Skeletal Radiology

, Volume 35, Issue 5, pp 275–281 | Cite as

Forearm interosseous membrane trauma: MRI diagnostic criteria and injury patterns

  • Joseph C. McGinleyEmail author
  • Neil Roach
  • Brendon C. Hopgood
  • Karl Limmer
  • Scott H. Kozin
Scientific Article



Define criteria for interosseous membrane (IOM) injury diagnosis using MRI, and characterize patterns of IOM disruption following forearm trauma. Our hypothesis is that most IOM injuries occur along the ulnar insertion, and MRI should be obtained following forearm trauma to assess IOM competency.


Sixteen cadaver forearms were subjected to longitudinal impact trauma. Prior to and following injury, MR images were examined by a board-certified musculoskeletal radiologist using pre-defined criteria for determining IOM integrity. Each specimen was dissected and the viability/pattern of injury examined. The MRI and dissection results were compared using a double-blinded methodology.


Eight of the 16 specimens demonstrated IOM trauma. Seven specimens demonstrated complete IOM disruption from the ulnar insertion, and one revealed a mid-substance tear with intact origin and insertion. The dorsal oblique bundle was disrupted in four specimens. MRI analysis identified IOM injury in seven of the eight forearms. The injury location was correctly identified in six specimens when compared to dissection observations. MRI determination of IOM injury demonstrated a positive predictive value of 100%, a negative predictive value of 89%, a sensitivity of 87.5% and a specificity of 100%.


Our findings demonstrate the accuracy of MRI in identifying IOM disruption, and its ability to localize specific injuries in a clinically relevant model of forearm trauma. The injury patterns demonstrated most lesions occurred along the IOM’s ulnar insertion, and in half of the injured specimens there was concomitant dorsal oblique bundle disruption.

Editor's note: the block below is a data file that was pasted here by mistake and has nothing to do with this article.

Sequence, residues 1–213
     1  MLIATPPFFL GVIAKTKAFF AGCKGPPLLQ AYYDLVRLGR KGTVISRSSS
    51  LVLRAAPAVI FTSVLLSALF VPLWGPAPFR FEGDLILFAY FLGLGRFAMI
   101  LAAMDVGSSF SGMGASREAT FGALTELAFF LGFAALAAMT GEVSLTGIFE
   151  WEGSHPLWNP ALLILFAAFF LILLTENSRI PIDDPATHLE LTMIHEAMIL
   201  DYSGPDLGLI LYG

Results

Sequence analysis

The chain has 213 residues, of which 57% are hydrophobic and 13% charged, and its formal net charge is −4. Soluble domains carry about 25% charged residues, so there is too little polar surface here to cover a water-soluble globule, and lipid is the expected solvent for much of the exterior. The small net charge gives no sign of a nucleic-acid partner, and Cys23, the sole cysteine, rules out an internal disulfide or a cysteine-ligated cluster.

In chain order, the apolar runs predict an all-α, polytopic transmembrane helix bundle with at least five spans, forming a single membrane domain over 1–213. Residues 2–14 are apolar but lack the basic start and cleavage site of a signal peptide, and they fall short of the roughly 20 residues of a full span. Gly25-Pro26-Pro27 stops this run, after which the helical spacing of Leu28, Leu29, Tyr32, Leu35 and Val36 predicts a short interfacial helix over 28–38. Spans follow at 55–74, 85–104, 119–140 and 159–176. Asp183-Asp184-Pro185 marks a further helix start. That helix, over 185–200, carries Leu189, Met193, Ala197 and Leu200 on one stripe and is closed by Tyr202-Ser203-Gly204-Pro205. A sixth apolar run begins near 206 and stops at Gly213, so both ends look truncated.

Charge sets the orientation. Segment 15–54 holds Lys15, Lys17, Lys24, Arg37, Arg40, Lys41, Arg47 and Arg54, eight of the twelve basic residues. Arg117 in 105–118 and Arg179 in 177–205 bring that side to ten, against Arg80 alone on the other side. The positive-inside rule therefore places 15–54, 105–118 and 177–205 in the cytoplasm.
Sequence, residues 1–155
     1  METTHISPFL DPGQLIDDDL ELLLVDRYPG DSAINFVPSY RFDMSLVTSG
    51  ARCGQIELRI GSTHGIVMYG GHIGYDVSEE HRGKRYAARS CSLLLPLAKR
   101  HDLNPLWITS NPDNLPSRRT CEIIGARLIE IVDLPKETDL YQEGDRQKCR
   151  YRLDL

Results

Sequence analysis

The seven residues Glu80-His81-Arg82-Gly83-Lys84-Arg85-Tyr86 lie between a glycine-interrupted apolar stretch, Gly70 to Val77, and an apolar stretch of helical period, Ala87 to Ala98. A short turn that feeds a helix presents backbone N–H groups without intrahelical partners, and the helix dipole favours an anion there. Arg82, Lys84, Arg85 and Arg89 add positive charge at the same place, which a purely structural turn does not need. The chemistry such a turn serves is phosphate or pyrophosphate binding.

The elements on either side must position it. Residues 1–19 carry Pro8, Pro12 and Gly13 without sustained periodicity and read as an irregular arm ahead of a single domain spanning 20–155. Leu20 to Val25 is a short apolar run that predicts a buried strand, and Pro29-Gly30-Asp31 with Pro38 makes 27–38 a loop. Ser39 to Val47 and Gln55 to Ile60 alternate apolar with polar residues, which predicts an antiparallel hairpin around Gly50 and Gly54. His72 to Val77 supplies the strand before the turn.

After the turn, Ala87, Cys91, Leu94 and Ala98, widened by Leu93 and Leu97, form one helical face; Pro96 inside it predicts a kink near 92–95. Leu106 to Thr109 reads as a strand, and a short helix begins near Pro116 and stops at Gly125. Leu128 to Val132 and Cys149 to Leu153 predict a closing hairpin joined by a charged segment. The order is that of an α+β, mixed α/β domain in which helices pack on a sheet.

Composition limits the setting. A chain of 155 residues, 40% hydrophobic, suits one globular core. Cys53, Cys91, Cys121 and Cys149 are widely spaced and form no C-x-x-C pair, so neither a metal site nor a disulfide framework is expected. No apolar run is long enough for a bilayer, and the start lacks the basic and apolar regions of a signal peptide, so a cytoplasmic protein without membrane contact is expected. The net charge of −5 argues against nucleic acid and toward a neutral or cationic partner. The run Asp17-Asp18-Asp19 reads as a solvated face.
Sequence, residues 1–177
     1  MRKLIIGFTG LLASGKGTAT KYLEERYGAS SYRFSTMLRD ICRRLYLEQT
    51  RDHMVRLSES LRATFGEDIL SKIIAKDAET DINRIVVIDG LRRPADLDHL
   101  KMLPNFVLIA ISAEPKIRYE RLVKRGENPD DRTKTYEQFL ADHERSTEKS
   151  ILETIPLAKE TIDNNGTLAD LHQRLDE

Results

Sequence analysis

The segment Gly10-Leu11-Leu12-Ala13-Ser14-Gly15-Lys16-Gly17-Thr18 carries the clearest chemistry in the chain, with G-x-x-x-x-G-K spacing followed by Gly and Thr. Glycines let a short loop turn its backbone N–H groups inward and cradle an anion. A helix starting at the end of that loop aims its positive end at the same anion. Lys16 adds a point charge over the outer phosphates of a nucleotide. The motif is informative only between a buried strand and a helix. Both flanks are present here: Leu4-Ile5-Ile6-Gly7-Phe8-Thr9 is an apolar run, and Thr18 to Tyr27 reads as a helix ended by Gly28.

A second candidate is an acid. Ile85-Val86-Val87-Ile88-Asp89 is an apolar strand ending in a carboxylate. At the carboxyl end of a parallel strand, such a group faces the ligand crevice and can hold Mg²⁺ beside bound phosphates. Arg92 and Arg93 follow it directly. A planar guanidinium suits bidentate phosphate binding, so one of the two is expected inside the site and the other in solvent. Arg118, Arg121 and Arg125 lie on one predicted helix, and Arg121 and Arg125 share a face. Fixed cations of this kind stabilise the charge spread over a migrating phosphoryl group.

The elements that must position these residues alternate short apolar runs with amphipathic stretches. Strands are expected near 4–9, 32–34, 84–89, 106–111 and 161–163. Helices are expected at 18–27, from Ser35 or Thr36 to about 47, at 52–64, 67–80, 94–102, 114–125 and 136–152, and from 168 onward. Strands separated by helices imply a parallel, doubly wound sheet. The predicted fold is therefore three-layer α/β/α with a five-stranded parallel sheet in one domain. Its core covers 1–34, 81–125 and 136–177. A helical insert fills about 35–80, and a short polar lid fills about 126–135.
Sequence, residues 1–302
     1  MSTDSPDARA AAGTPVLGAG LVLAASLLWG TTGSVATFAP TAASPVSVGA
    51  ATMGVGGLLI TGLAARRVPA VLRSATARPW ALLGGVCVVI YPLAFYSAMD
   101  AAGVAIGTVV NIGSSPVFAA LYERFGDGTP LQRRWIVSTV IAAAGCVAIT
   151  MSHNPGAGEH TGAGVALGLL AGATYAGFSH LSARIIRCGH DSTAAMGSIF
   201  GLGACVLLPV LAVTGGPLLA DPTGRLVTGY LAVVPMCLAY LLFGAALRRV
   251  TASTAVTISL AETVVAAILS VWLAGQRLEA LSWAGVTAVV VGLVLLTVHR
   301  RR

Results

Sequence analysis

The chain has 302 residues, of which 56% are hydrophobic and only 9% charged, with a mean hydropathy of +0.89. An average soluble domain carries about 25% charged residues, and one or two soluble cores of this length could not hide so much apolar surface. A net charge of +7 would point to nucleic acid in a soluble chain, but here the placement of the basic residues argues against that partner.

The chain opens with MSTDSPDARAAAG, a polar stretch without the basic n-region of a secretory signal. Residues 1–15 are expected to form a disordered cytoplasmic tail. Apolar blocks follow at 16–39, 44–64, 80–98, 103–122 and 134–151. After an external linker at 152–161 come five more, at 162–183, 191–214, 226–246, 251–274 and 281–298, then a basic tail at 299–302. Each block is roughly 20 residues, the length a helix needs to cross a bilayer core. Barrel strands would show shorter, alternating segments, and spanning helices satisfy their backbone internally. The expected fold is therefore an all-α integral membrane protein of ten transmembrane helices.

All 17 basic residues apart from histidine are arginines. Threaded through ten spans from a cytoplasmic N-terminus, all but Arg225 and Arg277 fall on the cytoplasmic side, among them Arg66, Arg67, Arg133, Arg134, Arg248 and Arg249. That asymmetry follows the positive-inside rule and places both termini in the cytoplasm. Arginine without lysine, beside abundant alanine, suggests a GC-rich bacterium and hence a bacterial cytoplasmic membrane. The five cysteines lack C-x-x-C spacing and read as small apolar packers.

Interosseous membrane Soft tissues Ulna Radius Magnetic resonance Trauma 


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Copyright information

© ISS 2006

Authors and Affiliations

  • Joseph C. McGinley
    • 1
    Email author
  • Neil Roach
    • 2
  • Brendon C. Hopgood
    • 3
  • Karl Limmer
    • 4
  • Scott H. Kozin
    • 5
  1. 1.Department of RadiologyStanford University Medical CenterStanfordUSA
  2. 2.Department of RadiologyHospital of the University of PennsylvaniaPhiladelphiaUSA
  3. 3.Department of SurgeryAlbert Einstein Medical CenterPhiladelphiaUSA
  4. 4.Temple University School of MedicinePhiladelphiaUSA
  5. 5.Temple University and Pediatric Hand & Upper Extremity SurgeonShriners Hospital for ChildrenPhiladelphiaUSA

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